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Compliance Updates

NBA 2K loot boxes cleared in Belgium

Niji Narayan

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NBA 2K loot boxes cleared in Belgium
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2K Games has issued a press release that the in-game purchases system in NBA 2K loot boxes has been declared  to comply with Belgian gambling laws.

“Specifically, we will be turning off the ability to purchase packs with premium (non-earned) currency/[Virtual Currency],” reads a 2K statement. “Gamers are still able to acquire packs with MyTeam points.”

MyTeam is an NBA 2K mode in which players attempt to build the best custom team possible. One way to acquire players to build out your team is through purchasing packs of randomized cards. That loot box-type mechanic, however, would be in violation of Belgian gambling laws, which is why 2K has dropped it in Belgium.

2K’s statement about the change makes it clear the company doesn’t agree with the Belgium government’s views on loot boxes. The publisher even went so far as to encourage gamers who share its views to lobby their government representatives about them.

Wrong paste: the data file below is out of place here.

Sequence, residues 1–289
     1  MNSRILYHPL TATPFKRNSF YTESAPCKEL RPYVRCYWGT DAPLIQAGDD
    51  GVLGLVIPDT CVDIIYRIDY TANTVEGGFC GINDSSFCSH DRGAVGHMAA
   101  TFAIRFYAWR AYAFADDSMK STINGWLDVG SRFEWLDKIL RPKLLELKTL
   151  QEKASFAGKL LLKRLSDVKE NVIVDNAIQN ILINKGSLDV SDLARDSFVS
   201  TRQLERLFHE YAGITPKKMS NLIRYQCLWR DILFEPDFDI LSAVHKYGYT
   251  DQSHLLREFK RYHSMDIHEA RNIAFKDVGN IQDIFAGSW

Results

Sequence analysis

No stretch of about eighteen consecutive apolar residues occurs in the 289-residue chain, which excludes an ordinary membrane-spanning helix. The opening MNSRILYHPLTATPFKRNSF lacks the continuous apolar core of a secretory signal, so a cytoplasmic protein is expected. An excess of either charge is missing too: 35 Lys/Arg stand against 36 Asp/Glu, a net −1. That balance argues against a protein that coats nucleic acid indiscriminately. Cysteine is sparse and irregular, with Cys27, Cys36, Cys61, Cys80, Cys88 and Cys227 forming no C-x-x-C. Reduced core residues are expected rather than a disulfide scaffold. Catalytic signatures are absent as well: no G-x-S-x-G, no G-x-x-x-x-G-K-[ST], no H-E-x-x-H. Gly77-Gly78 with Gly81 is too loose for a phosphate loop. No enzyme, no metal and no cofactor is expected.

“We will be continuing conversations with the [Belgian Gaming Commission] in order to explain our view on how NBA 2K and MyTeam pack purchases already comply with local laws,” continues the statement. “If you agree, we recommend that you contact your local government representative to communicate your opinion.”

Belgium declared loot box mechanics like MyTeam illegal in April. It wasn’t the only country to do so, either, as the Netherlands started enforcing its own loot box laws in June, spurring Valve to make Dota 2 loot box contents visible before being opened. Both Electronic Arts and Microsoft games have also recently seen loot box changes in response to the new laws and the consumer outrage that inspired them.

 

Source: ign.com

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Asia

APE achieves ISO 9001:2015 Certification

George Miller

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APE achieves ISO 9001:2015 Certification
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Asia Pioneer Entertainment Holdings Limited is delighted to announce that Asia Pioneer Entertainment Limited (APE), a Macau Gaming Inspection and Coordination Bureaus (DICJ) licensed gaming machine agent, has been awarded ISO 9001:2015 certification of its “Provision of repairing service of electronic gaming machine parts”. The on-site audit completed successfully under the standard ISO 9001:2015 on 16 December, 2019.